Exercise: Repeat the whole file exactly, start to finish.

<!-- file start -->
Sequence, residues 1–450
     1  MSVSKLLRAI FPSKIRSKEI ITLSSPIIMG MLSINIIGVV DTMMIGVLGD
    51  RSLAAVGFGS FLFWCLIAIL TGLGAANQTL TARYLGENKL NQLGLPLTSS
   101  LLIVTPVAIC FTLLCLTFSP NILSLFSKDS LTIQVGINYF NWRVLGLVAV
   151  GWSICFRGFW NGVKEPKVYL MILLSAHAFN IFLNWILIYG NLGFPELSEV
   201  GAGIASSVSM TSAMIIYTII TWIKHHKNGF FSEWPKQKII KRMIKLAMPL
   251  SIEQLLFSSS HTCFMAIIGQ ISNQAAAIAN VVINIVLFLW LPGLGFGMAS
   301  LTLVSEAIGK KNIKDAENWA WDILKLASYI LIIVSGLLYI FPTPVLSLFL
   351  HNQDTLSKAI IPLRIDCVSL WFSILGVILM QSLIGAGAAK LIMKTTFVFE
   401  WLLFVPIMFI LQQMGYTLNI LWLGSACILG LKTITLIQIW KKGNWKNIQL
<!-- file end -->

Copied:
Sequence, residues 1–450
     1  MSVSKLLRAI FPSKIRSKEI ITLSSPIIMG MLSINIIGVV DTMMIGVLGD
    51  RSLAAVGFGS FLFWCLIAIL TGLGAANQTL TARYLGENKL NQLGLPLTSS
   101  LLIVTPVAIC FTLLCLTFSP NILSLFSKDS LTIQVGINYF NWRVLGLVAV
   151  GWSICFRGFW NGVKEPKVYL MILLSAHAFN IFLNWILIYG NLGFPELSEV
   201  GAGIASSVSM TSAMIIYTII TWIKHHKNGF FSEWPKQKII KRMIKLAMPL
   251  SIEQLLFSSS HTCFMAIIGQ ISNQAAAIAN VVINIVLFLW LPGLGFGMAS
   301  LTLVSEAIGK KNIKDAENWA WDILKLASYI LIIVSGLLYI FPTPVLSLFL
   351  HNQDTLSKAI IPLRIDCVSL WFSILGVILM QSLIGAGAAK LIMKTTFVFE
   401  WLLFVPIMFI LQQMGYTLNI LWLGSACILG LKTITLIQIW KKGNWKNIQL